In my most recent post, I wrote about sustainability as a collection of frameworks and mental models. There are a number of excellent examples of these models and frameworks out there, and this post outlines a model from the product development world that I’ve found helpful applying to climate products and solutions - the product adoption
In marketing and product development, there is a common framework known as the “Product Adoption Curve”. This model represents a typical, if generalized breakdown of who buys products, when, and why. This model can be extremely useful for understanding what kinds of customers to go after, when, and how best to convince them to buy your product. Below is an example of the typical Product Adoption Curve, courtesy of crazyegg.
While climate change solutions, interventions, and initiatives, are not always “products’ per se, they also have an “adoption curve” of sorts; for a given solution, it can be helpful to think about which cohorts are likely to adopt the solution, when, and why (what their incentives are).
Consider the example of rooftop solar panels. 5-10 years ago, when the economics for solar weren’t as advantageous for consumers, you could consider the solution further to the left on the “adoption curve”, where the likely adopters were a small group of “enthusiasts”. Their incentives for adoption might be intrinsic belief in helping fight climate change, interest in off-grid living, etc.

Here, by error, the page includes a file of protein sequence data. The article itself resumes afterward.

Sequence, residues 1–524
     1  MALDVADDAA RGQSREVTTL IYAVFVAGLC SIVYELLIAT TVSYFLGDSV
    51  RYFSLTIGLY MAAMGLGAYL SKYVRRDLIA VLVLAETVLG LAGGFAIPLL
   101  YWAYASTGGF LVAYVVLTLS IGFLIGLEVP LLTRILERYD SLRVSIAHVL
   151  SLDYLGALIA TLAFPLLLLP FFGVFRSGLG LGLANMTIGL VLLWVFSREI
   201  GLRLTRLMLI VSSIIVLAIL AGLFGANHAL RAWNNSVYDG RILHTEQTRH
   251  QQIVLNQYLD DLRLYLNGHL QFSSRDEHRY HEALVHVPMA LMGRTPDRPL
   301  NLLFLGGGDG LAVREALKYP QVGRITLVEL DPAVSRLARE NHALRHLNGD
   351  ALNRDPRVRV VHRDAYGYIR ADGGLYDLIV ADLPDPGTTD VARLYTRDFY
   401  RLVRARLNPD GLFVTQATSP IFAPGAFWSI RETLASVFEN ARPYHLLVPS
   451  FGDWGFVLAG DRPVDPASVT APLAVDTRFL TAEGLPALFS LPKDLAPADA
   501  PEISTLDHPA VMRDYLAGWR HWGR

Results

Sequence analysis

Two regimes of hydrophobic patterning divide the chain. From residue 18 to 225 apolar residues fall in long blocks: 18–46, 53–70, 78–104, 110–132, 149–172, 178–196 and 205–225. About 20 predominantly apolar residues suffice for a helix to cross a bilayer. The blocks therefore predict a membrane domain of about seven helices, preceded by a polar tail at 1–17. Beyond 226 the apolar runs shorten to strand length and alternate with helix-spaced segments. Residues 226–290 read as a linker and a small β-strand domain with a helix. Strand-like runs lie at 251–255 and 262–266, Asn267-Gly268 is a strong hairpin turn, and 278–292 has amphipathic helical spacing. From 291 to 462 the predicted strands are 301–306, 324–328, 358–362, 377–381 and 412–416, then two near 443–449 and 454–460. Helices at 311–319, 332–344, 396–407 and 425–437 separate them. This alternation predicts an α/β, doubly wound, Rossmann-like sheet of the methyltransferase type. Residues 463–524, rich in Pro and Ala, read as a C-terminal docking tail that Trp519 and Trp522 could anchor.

Several years later, rooftop solar might move further to the right of the curve, as more folks are willing to adopt it because the economics are more advantageous. These folks, who are more pragmatic, might be most motivated with financial incentives. It’s key to note here that this solution doesn’t inevitably move through this adoption curve - it requires a great deal of work to develop new value that will fit with the incentives of larger, but less intrinsically motivated, cohorts.
Finally, let’s look 10 years in the future, where a fictional government mandates by law that all new and existing residential construction must have rooftop solar. In this case, the conservative and skeptic cohorts in the adoption curve will be very likely to adopt the solution, as they will respond to one of the ultimate incentives - legal incentives.
Below is an example of a “climate adoption curve” - the breakdown of cohorts, timing, motivations, etc. is not generalizable; different solutions will be have different looking curves. But when considering how to popularize a climate solution, using such a curve may be helpful in answering questions like:
- Who is most likely to use my solution now? What will motivate them to do so?
- What would motivate new cohorts/personas to adopt my solution? What is the corresponding market size or opportunity?
- What are the best ways to engage the cohorts that are most likely to adopt my solution?